Famous People Who Beat Learning Disabilities and Achieved Greatness

man in suit climbing a stairIt’s only natural that you’d want nothing but the best for your kids. That drives many parents to enroll their kids in the best schools as it gives them a stable foot in education.

That should be the case when pursuing special needs education. Most parents are crushed to discover that their kids have some trouble learning. While that might be a cause for concern, it doesn’t sound the need a death knell on your child’s chances of success. Not if history has anything to say about it.

Richard Branson

In his cheek in tongue named book, How I Lost my Virginity, the CEO of the Virgin Group, a conglomerate of over 400 companies recounts his life. From an early age, he had trouble keeping up with classes. That led him to win the title of the dumbest person in the school.

Fast-forward today, he’s not only a self-made billionaire but also one of the ten most influential people on the planet. It turns out that he wasn’t dumb after all — he was struggling with dyslexia — a learning disability that made reading a Herculean task for him.

Frustrated with the formal learning process, he dropped out at sixteen after deciding to learn from the school of life. He began his entrepreneurship journey from a tender age, and it culminated in him become a leading business kingpin.

To his credit, he quit formal schooling but not the learning process. In his Autobiography, he admits to being a voracious reader. It took him a little bit longer to get the hang of it, but he eventually mastered the art of learning.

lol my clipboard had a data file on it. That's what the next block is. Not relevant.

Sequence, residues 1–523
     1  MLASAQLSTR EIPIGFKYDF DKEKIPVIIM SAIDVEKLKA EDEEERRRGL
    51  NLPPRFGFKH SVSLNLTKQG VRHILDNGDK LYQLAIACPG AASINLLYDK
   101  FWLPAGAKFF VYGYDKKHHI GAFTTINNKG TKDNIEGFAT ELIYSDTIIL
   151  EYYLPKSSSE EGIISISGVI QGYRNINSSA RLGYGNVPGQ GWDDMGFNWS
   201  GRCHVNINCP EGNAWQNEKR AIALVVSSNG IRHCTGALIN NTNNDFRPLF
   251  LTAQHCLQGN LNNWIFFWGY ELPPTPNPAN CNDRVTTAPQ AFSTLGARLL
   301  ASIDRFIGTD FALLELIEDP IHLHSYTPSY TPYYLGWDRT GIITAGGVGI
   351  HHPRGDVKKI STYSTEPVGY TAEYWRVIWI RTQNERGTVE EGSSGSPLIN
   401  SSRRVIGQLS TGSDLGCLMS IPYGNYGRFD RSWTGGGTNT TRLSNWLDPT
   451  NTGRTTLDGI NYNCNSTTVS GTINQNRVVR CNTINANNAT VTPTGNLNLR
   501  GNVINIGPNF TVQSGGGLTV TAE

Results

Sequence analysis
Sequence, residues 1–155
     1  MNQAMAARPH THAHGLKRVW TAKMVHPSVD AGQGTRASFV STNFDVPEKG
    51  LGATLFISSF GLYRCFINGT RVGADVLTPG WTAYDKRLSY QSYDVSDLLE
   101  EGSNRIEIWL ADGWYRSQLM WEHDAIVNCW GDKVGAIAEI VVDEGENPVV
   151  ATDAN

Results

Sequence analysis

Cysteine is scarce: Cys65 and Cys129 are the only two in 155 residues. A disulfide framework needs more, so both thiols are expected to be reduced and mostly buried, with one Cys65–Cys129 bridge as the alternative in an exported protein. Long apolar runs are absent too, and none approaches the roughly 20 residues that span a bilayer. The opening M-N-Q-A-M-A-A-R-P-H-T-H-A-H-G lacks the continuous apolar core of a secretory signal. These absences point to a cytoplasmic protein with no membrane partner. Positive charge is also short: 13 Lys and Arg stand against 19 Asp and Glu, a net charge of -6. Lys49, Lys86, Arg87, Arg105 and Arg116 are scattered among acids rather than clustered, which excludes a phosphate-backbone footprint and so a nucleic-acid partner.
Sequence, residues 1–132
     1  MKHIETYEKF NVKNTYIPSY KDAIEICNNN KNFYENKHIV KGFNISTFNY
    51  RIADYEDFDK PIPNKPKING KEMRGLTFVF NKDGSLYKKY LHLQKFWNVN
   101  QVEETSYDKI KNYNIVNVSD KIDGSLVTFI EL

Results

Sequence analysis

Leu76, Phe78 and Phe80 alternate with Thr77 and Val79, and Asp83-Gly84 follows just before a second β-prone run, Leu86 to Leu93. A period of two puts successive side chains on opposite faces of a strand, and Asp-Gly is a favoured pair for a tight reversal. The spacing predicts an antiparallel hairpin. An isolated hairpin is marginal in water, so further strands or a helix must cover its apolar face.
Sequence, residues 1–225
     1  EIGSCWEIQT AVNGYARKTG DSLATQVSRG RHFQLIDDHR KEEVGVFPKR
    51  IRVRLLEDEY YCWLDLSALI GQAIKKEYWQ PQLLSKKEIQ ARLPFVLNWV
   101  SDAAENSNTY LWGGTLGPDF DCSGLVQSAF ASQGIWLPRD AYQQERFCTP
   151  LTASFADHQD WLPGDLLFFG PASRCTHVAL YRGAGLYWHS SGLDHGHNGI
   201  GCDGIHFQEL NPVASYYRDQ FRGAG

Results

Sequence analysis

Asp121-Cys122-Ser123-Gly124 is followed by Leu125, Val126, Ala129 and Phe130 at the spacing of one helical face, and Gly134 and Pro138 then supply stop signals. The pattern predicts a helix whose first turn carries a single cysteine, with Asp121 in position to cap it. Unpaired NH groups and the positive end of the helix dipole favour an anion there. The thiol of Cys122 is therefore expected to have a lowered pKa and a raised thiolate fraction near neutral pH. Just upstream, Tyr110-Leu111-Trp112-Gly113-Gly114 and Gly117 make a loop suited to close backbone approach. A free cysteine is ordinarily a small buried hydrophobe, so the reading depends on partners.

Anderson Cooper

lighted on air sign outside a studio

You’ve no doubt seen him on TV —astute, smart, and intelligent as he hosts the award-winning show Anderson Cooper 3600 on CNN. Looking at him wax lyrical about worldly affairs, it’s impossible to think that he had learning difficulties.

As a child, Cooper struggled to make sense of words as he struggled to recognize individual letters. He was later diagnosed with dyslexia after his teachers noticed his learning issues. He went on to work with a reading specialist a couple of times each week from there on.

That lead him to become a strong student, securing a coveted space in the prestigious Yale University. Cooper credits his teachers for helping him overcome what would have otherwise become a crippling disability.

They helped to make a difference in his life from an early age by helping him find his footing. Since he kept his dyslexia a secret for most of his life, most of his friends are surprised to discover that he suffers from the condition.

If a child seems to lag behind in school, you shouldn’t be quick to dismiss them. It can simply mean that they need a little help getting the hang of it. Providing them with the necessary learning environment and approach to learning can help them get a bearing.

Enrolling them to a special needs school can help them realize their true potential and achieve great things in life. There are many cases in history where slow learners have gone on to become great leaders in the world.


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